Oh, enjoy the story!
By ELLIOTT DENMAN
"I'm 100 percent right now," Desiree Davila tells you.
Feeling great, feeling strong, feeling buoyant, the California-reared. Arizona-schooled, Michigan-trained, 5-foot-2, 28-year-old star of the Hanson Racing Team has run off to Florida for her final training sessions en route to the USA Olympic Marathon Trial in Houston, January 14, 2012.
If the race was to be held tomorrow, she'd be ready. With the race still a month-plus away, she'll be even readier. As the time clock to the starting gun - to be fired at exactly 8:15 a.m. on the second Saturday of the year - continues to count down, her preparation level continues to climb up and up.
This is the "peaking" process that every world-class athlete must master. It's not what anyone has ever done previously. Press clippings have no value. Stats lists are irrelevant. It's very-very simple and straightforward. It's what that athlete is going to deliver "on the day."
And what a day it will be, what an event it figures to produce. With the men going off at 8 a.m. and the women a quarter-hour later - the first time the dual trials will be held same place, same day - the media masses will be hard-pressed to keep up with the evolving story lines.
The USA has sent four eventual winners off to Olympic marathons - dating back to Thomas Hicks at St. Louis in 1904, Johnny Hayes at London in 1908, Frank Shorter at Munich in 1972, and Joan Benoit (now Samuelson) at Los Angeles in 1984.
Is there a fifth stepping to the line in Houston Jan. 14th?
Not very likely in the men's race - where Ryan Hall and Meb Keflezighi seem to be the class of the pack, but minutes behind current world-leading pace..
But who knows what might transpire in the women's race?
Even with the great Paula Radcliffe (whose world record of 2:15:25 dates back to 2003) now on the comeback trail (as a mom-of-daughter Isla and son Raphael)) and such top candidates as Liliya Shobukohova of Russia (2:18:20 this year), Mary Jepkosgei (2:19:19) and Florence Jebet Kiplagat (2:19:44) of Kenya, Mamitu Daska of Ethiopia (2:21:59) and a flock of others waiting in the wings, there is no clearcut favorite for the 26.2 mile race through London.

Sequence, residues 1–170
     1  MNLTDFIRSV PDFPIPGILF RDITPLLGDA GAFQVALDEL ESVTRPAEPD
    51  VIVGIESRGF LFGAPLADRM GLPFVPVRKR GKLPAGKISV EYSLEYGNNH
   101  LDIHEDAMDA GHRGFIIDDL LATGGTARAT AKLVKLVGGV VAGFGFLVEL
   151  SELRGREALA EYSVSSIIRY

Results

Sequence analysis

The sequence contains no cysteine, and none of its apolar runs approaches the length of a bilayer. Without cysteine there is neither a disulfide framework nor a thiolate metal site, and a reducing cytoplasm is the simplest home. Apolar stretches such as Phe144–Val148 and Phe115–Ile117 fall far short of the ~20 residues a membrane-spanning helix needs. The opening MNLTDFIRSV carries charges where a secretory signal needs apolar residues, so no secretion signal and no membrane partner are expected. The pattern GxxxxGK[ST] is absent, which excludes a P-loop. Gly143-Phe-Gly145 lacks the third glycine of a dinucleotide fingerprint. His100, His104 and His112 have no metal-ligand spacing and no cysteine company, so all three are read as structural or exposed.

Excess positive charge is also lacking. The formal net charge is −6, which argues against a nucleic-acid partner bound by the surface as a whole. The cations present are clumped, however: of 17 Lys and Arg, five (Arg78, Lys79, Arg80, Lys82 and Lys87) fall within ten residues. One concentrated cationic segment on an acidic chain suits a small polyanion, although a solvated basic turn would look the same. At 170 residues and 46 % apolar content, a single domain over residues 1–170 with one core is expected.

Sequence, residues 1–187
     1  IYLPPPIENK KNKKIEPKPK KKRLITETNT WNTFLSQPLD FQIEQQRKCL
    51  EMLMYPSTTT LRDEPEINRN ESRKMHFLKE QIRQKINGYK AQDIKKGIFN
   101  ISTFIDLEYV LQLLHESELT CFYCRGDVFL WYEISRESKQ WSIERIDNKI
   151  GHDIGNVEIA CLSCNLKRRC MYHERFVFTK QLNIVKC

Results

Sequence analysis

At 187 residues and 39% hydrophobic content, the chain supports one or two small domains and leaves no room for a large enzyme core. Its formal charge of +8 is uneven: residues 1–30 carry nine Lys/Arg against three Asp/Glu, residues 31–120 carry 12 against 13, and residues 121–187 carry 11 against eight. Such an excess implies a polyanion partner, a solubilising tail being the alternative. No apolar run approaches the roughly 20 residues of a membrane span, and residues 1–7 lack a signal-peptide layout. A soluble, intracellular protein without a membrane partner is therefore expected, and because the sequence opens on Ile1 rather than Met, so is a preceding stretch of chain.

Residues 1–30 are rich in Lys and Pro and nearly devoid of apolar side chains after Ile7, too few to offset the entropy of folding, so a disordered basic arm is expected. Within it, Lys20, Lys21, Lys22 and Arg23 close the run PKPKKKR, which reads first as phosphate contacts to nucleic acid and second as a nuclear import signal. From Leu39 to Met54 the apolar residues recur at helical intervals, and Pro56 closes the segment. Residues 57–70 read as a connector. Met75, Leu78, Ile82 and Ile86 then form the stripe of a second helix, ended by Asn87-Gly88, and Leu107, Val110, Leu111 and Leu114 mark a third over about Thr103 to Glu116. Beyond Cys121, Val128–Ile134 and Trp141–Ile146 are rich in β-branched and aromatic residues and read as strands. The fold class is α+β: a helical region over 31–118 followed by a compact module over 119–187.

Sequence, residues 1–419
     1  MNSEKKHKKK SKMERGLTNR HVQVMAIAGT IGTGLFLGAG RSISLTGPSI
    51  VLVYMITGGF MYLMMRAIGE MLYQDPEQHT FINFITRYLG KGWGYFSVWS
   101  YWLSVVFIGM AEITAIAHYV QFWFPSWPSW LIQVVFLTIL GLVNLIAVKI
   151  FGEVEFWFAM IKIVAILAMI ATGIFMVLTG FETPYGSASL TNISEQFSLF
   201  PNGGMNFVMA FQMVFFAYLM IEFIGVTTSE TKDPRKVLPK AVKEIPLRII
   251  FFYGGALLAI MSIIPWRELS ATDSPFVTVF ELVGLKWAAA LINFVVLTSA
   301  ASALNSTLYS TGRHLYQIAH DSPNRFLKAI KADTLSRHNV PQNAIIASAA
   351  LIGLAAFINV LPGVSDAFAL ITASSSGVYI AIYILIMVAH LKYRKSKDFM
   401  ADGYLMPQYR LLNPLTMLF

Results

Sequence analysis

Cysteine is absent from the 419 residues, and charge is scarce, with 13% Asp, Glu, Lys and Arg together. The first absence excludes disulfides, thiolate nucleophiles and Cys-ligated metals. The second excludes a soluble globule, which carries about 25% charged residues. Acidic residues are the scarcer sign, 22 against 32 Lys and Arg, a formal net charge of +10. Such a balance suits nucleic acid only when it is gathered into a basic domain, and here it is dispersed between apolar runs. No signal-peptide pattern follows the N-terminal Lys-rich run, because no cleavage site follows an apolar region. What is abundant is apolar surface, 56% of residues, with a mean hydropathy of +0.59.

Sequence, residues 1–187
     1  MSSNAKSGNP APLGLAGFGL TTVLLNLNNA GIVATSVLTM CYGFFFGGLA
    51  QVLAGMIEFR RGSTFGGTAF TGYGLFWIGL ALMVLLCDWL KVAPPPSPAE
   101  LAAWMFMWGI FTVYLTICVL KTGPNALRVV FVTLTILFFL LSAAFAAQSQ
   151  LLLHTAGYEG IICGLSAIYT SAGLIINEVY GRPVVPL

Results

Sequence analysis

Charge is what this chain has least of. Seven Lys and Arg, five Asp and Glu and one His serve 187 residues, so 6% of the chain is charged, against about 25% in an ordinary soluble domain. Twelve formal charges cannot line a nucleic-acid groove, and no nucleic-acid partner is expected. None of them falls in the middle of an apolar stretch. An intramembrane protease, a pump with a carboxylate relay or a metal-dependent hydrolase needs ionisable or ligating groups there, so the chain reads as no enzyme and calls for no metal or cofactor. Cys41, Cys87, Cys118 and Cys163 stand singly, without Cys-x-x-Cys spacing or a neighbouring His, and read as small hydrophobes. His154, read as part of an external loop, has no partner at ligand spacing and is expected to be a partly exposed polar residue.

Such is the depth in Kenya and Ethiopia that many from those nations occupying high spots on the year lists will not be on the premises.
"The Big One" will start - at The Mall, directly fronting Buckingham Palace - at precisely 11 a.m. on the 5th of August.
Only some extraordinary occurrence in Houston figures to keep Davila away from that scenario as one of the three proud USA delegates.
Even with such redoubtables as Shalane Flanagan, Kara Gouher, Magdalena Lewy-Boulet, Amy Hastings, Stephanie Rothstein, Clara Grandt and Deena Kastor arrayed against her, expert opinion is that Davila will be a top candidate to win the run through Houston.
Back in 2008, the virtually unknown Davila - who'd prepped at California's Hilltop High School and had a less-than-commanding career at Arizona State University - attracted her first real attention from the distance running gurus when she got as close as fourth place at one stretch of the Olympic Marathon Trial, before "panicking," as she put it, and sliding back to 13th place in 2:37:50.
She is not about to repeat the mistakes that cost her dearly four years ago, She's got the experience now that assures she won't let the "little things" that built into major problems get to her. She is a truly battle-toughened young vet of the distance game ready to duke it out with any rival, foreign or domestic.
Oh, some cynics may allege that her startling second place in the 2011 Boston Marathon - just nosed out by Kenya's Caroline Cheptanui Kilel, 2:22:36 to 2:22:38, proves little. For one thing, conditions were virtually perfect and the pacing situation likewise. For another, they say, that 2:22:38 came "out of the blue" and might be difficult to repeat, For a third, the classic Hopkinton-to-Boston route has now been ruled ineligible for record purposes since it's a net downhill of 136.29 meters.
But pay those negativists no heed.
More than anything, that Boston performance proved that Davila can really, truly run with the best.
She has the speed, the talent and now - after years of build-up - the confidence needed to run at the highest level. Marathon aside, she snared a 31:37 fourth place in the 10,000 meters at the USA Nationals in Eugene last June. She's zooming in on 15 flat for the 5,000.
"Training's going really well," she tells you.
She's still into the "high mileage" phase of her Houston preparations, but will soon back down to the "sharpness" phase, which will include some quality miling on the track.
Best guess is that a pack of least eight to 10 will fight it out for the lead, for at least halfway through the three-loop course, and that some complete longshots (among them the "wild cards" who've posted qualifying times at the half-marathon or 10K distances, rather than the full 26.2-miler) will be among them.
And that's where Davila, long since graduated from the "rookie" category, armed with the savvy of a young veteran, figures to start making her big move.
By 23-24 miles, it may be down to a precious few.
With everything then on the line, Desiree Davila promises that she won't let that precious moment escape her.